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post #37 of 77
Quote:
Originally Posted by AppleInsider View Post

Microsoft frets Google's Nexus One will suffer Zune's failure

I don't think MS is "fretting" about it - they're HOPING for it. Who came up with this headline?
post #38 of 77
This sounds reasonable, then again MS also said that the iPhone will fail if they don’t open up the OS to other vendors. \
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post #39 of 77
Quote:
Originally Posted by rkhosa View Post

What are you talking about? to remove the carrier or to bundle service plans means to be either an MVNO or just rolling out your own mobile network. And evidently enough, Google is not in that business. The chain is incomplete without a carrier. They are irreplacable. The customer won't buy a fancy gadget for posterity's sake

I'm talking about the carrier getting their hands on the device and OS and modifying it. Removing features and adding their own crap on them, ruining the overall experience. This is what is killing Android as a platform.

Google is taking hardware direct from the manufacturer, putting their OS on it, then selling it direct to the customer. This allows Google to control the experience.

The carrier only comes in to play when a plan is needed/included.
Disclaimer: The things I say are merely my own personal opinion and may or may not be based on facts. At certain points in any discussion, sarcasm may ensue.
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Disclaimer: The things I say are merely my own personal opinion and may or may not be based on facts. At certain points in any discussion, sarcasm may ensue.
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post #40 of 77
Quote:
Originally Posted by addabox View Post

But that certainly isn't how the whole thing has been perceived. To the public, the Nexus One is the Google Phone. And it's perceived as a Droid killer because Google went the extra mile to make an exemplary handset with their software. Not HTC-- that's not how it's being marketed.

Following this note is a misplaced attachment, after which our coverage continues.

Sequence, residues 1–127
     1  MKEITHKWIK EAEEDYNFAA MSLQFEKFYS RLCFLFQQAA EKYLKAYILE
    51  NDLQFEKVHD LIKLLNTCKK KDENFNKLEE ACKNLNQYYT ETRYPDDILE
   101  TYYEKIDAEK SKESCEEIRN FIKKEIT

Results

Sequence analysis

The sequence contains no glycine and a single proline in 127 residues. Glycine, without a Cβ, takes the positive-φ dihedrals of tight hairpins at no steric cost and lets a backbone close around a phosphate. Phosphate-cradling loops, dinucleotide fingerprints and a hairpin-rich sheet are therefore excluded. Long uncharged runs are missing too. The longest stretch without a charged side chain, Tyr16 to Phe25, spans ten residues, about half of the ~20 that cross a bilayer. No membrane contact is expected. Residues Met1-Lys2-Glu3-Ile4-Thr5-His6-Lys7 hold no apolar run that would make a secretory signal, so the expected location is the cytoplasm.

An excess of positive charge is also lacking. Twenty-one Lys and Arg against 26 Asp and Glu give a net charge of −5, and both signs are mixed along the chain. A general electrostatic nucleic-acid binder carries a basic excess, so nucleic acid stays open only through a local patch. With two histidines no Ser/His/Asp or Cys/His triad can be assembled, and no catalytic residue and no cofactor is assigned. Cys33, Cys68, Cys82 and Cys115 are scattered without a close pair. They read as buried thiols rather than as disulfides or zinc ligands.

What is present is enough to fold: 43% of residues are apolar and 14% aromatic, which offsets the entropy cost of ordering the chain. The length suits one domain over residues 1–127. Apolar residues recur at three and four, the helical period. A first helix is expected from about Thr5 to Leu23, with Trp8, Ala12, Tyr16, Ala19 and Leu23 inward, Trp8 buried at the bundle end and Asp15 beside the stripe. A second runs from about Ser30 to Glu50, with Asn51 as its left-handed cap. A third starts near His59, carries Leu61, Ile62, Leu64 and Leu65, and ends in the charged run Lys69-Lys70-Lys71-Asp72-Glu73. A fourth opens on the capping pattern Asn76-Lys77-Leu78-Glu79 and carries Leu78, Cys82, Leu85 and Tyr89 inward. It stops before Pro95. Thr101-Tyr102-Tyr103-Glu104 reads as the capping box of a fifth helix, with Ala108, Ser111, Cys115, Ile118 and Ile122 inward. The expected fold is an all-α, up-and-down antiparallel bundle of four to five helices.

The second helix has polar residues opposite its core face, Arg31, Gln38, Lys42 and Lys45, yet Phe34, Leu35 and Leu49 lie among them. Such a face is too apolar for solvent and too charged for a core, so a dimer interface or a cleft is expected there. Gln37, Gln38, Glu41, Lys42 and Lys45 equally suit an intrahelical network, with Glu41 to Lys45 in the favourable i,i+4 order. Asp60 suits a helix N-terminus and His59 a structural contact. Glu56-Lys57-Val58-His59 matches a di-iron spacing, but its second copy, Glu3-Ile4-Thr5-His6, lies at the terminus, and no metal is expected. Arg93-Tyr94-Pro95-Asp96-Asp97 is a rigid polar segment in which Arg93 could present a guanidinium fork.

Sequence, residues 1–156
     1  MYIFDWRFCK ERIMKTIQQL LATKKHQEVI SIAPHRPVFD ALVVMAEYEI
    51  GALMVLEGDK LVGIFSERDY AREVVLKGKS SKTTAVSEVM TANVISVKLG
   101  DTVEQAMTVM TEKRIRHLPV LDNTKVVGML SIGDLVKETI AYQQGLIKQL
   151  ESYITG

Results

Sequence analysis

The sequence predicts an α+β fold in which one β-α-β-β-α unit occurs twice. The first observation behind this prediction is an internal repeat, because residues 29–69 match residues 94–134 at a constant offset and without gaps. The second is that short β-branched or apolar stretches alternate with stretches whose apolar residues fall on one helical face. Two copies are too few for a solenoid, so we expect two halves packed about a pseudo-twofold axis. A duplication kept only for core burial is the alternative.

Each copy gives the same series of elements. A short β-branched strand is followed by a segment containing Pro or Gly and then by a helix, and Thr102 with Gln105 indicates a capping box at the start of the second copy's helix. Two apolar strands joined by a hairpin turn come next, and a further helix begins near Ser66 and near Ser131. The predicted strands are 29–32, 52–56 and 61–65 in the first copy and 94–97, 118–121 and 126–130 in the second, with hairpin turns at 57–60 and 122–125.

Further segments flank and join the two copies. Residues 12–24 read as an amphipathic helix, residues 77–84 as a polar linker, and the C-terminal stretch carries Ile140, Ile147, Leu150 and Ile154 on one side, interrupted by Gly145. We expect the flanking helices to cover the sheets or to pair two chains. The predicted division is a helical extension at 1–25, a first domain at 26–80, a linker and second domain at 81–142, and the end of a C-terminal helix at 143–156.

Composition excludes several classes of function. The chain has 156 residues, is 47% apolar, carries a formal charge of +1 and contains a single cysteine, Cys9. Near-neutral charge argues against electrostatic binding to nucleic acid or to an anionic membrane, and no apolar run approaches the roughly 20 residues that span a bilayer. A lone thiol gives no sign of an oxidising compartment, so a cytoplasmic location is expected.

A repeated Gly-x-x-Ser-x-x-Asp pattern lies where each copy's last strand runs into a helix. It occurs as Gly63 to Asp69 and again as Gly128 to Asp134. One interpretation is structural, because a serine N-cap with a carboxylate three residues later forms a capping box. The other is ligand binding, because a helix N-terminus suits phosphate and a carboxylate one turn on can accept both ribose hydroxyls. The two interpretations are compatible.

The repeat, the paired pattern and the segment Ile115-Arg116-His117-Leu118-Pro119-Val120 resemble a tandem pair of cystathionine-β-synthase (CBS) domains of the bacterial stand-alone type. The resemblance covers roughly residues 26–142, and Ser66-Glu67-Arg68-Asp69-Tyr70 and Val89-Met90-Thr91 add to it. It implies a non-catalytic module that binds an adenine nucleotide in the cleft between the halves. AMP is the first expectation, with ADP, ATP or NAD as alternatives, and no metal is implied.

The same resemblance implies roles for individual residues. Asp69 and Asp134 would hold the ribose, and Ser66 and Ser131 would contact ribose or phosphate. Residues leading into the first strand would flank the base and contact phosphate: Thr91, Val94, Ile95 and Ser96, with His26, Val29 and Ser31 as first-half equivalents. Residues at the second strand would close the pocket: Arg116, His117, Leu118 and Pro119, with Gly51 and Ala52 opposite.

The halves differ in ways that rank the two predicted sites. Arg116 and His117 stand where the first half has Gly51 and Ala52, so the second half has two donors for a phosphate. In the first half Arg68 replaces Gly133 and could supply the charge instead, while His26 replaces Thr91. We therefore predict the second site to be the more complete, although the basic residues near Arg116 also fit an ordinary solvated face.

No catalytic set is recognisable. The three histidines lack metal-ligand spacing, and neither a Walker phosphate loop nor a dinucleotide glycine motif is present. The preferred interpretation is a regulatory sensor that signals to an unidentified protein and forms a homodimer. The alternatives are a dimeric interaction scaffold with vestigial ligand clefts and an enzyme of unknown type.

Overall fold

If I were Motorola, whatever input Google had given would be cold comfort right now. Who's talking about Droid now? Nobody. Google gave them about 15 minutes in the sun, then totally preempted their deal. And Motorola really, really needs a successful handset right now.

You might be technically correct about who did what, but perceptions matter, and the perception is pretty clear. Google trumped Motorola with a better phone. Motorola can't be too pleased.

Umm, I'm pretty sure Motorola's perception does not match public perception. Google stated it was in fact a HTC handset, not a Google handset. I don't think Motorola gets its information from the headlines, but rather through direct communication with Google. Headlines are not going to tell us that Motorola and Google are currently working on another phone that Google could offer up alongside the Nexus One. And I'm willing to bet that phone will be revealed at about the same time the Nexus One is available on Verizon's network.

I highly doubt that Motorola is unpleased about all of this... although they may be upset with all the morons that have misinterpreted all of this.


EDIT: Nexus One is only available on T-Mobile. So the Motorola Droid is still considered to be the best Android phone available on Verizon. So anyone looking for a good Android phone on Verizon, will be talking about and buying up Droids.
Disclaimer: The things I say are merely my own personal opinion and may or may not be based on facts. At certain points in any discussion, sarcasm may ensue.
Reply
Disclaimer: The things I say are merely my own personal opinion and may or may not be based on facts. At certain points in any discussion, sarcasm may ensue.
Reply